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Greece Will Pile On More Taxes in June

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ATHENS – Already under an avalanche of tax hikes  – including a doubling of income and property taxes – beleaguered Greeks will be hit with a new round of increases in June when the government will pile on more taxes in a desperate attempt to keep from going bankrupt, despite a new bailout of $172 billion from international lenders to go along with a first ongoing series of $152 billion in rescue loans that have failed to slow the country’s slide toward insolvency.

A new tax bill, which is not which is not expected before June, is set to be based on a report issued by the International Monetary Fund and will include such reforms as the use of a flat Value-Added Tax (VAT) rate and an increase in indirect taxes, leading to an additional burden on taxpayers. The VAT for many tax categories in Greece is already 23 percent, among the highest in Greece, and has helped create a deep recession now in its fifth year, with 21 percent unemployment  and the closing of more than 111,00 businesses.

The report, prepared by the technical mission of the IMF, also included an end to the tax-free ceiling of $6,731 per year and the separate taxation of profits from real estate with a 20 percent rate, which means even the poorest Greeks will now be required to pay taxes at a time when tax evaders are costing the country $60 billion despite a recent crackdown and when many Members of Parliament are reportedly stashing fortunes outside the country to avoid paying taxes, in violation of Greek law. None have been prosecuted.

Many Greeks are struggling to meet tax obligations and Finance Ministry officials said many can’t meet the higher taxes, the newspaper Kathimerini reported. Despite the troubles, Greece  agreed to cut the minimum wage up to 32 percent – and tax the poor – and when some wages have been cut to as low as $511 a month before taxes and some pensions slashed to the same level. Greece had reportedly resisted going after its poor but relented on demands from the Troika of the European Union-International Monetary Fund-European Central Bank (EU-IMF-ECB) which is footing the bill to rescue Greece from decades or profligate spending and packing public payrolls with needless political hires in return for votes.

The new taxes must be implemented by a new government after elections in April to replace an interim hybrid administration of PASOK Socialists from the former ruling government and their bitter rival New Democracy conservatives who have taken turns ruling the country the last 35 years.  Over the last two years, Greece has taken to making Greeks pay a second property tax, put into their electric bills under the pain of having power cut off if they don’t pay, and adding a second income tax. Both were supposed to be for one year but are continuing this year and some Greeks expect they could be permanent.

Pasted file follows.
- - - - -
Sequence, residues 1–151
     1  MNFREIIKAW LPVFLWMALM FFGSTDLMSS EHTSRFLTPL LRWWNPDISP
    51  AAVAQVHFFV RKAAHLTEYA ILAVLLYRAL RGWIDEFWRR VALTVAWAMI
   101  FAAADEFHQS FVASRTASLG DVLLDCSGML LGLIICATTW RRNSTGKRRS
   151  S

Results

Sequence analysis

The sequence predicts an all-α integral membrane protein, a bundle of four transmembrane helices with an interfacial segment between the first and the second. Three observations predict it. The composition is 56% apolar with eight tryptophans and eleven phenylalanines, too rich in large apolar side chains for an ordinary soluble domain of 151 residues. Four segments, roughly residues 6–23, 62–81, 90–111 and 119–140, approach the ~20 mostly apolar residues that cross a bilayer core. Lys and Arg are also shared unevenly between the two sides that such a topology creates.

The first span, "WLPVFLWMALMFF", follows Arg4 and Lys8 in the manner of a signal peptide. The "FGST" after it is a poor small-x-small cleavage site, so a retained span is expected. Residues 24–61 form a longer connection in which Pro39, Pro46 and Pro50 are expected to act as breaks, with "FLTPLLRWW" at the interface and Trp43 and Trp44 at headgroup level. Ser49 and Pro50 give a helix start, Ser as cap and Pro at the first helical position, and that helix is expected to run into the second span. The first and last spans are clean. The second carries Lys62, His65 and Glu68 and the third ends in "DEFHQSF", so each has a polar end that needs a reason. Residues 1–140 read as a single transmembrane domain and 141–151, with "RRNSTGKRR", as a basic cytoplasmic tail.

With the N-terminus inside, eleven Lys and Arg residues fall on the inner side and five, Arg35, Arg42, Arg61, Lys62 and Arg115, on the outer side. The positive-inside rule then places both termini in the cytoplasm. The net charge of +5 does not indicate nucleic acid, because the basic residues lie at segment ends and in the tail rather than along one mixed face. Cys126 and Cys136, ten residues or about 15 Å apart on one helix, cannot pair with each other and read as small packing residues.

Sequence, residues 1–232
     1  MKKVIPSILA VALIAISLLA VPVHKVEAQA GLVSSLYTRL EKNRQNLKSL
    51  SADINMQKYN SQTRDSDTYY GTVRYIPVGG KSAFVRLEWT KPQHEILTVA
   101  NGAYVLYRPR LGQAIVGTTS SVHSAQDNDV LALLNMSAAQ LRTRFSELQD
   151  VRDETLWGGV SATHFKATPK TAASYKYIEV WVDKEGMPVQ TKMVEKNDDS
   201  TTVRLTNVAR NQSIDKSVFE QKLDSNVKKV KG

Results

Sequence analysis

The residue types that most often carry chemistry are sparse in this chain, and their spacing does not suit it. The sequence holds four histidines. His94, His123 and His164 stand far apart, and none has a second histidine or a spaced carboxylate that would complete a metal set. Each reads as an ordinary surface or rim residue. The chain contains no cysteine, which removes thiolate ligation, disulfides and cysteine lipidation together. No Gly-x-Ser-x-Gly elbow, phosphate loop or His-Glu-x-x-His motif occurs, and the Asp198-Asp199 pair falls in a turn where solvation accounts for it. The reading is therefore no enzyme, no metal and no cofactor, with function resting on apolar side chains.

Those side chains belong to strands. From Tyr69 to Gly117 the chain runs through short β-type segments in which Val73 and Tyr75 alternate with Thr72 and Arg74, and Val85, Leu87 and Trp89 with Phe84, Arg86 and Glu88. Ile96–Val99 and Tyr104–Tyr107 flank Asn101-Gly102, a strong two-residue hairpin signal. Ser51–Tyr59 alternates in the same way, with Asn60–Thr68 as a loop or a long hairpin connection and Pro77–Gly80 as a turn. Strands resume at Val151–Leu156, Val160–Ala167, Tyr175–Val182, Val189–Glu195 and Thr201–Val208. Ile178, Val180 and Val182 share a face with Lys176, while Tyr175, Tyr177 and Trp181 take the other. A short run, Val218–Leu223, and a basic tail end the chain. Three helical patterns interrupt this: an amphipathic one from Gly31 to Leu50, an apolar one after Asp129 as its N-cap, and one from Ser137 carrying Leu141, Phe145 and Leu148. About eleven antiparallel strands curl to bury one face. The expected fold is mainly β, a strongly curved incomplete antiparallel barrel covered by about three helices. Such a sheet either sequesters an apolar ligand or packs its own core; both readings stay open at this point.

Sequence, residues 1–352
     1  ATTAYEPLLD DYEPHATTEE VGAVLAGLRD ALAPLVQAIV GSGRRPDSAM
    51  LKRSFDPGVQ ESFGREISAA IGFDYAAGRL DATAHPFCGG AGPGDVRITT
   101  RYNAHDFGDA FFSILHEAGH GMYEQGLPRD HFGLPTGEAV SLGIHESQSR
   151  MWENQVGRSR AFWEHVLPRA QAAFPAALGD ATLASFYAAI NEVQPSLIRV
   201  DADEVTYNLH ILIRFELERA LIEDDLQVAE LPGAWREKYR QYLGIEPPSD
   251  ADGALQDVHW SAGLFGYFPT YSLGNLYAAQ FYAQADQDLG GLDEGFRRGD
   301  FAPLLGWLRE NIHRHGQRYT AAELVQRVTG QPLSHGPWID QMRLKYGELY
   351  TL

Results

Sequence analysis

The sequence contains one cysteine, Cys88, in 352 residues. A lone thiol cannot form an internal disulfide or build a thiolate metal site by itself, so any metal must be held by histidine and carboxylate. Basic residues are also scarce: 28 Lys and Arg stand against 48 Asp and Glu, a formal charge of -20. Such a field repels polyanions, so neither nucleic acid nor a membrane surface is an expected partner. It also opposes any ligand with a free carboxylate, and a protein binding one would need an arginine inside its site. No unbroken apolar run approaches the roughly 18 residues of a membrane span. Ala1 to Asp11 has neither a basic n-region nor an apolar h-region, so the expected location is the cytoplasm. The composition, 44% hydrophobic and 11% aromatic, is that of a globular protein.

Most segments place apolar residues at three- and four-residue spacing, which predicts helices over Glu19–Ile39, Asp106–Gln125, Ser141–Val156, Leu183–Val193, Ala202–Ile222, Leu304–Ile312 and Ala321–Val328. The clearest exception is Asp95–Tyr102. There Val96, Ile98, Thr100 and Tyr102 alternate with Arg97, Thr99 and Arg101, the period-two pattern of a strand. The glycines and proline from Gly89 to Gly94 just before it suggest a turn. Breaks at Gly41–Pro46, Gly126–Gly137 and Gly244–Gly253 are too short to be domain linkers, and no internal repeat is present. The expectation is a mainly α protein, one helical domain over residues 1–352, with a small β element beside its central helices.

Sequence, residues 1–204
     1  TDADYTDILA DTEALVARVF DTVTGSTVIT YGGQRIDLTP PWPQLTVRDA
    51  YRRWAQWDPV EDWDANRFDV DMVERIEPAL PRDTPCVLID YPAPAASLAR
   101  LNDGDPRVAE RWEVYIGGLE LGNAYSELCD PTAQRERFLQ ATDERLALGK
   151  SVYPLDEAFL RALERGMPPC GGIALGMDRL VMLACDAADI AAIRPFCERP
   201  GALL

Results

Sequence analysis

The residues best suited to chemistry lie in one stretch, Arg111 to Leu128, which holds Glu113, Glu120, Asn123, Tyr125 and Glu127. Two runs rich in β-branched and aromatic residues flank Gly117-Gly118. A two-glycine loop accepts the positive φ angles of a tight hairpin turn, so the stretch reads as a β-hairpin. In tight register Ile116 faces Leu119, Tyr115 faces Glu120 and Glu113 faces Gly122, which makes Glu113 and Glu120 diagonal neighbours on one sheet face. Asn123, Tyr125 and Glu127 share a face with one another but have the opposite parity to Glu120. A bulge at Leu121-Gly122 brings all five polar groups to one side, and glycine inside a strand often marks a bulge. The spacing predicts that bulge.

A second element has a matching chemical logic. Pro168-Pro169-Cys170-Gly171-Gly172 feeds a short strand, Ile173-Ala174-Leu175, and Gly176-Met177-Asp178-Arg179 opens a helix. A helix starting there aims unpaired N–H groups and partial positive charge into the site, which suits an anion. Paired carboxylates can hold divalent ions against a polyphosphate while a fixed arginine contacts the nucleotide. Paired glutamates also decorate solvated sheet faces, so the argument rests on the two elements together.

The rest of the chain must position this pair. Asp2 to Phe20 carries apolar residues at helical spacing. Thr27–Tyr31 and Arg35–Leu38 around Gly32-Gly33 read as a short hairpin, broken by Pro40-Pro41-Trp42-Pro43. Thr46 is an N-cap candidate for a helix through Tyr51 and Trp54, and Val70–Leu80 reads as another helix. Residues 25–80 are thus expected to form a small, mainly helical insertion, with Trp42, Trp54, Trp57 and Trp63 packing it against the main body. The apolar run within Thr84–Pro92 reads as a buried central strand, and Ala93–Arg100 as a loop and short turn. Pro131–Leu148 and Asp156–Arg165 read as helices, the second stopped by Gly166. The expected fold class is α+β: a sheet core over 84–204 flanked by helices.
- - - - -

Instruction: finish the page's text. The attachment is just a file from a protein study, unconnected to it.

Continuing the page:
Other measures proposed by the IMF include: the reduction of income tax brackets from eight to just three or four, the increase in bond and deposit interest rate tax from 10 to 20 percent, the abolition of tax exemption for arable land owned by taxpayers, the end to each finance minister’s ability to revise official property values when he wants with the introduction of annual revisions, the abolition of reduced VAT rates on eastern Aegean islands, and the imposition of a set special consumption tax on wine and on rolling tobacco.

Despite the tax increases, expected revenues are falling short of predictions and outgoing World Bank President Robert Zoellick told Reuter that he thinks the second bailout is just buying time for Greece and won’t solve its economic problems. “It’s too early to know, partly it depends on the actions the Greeks have to take,” he said. “I think that the European Union has dealt with Greece as one element but the core elements are really going to be the success of some of the bigger countries, such as Italy and Spain.” Eurozone countries are demanding 38 specific changes in Greek tax, spending and wage policies by the end of this month and have laid out extra reforms that amount to micromanaging the country’s government for two years, according to documents obtained by the Financial Times.

They range from the sweeping – overhauling judicial procedures, centralizing health insurance, completing an accurate land registry – to buying a new computer system for tax collectors, changing the way drugs are prescribed and setting minimum crude oil stocks. “The program is much, much more ambitious than economic reform,” said Mujtaba Rahman, Europe analyst at the Eurasia Group risk consultancy. “This is state building, as typically understood in traditional low-income contexts.”

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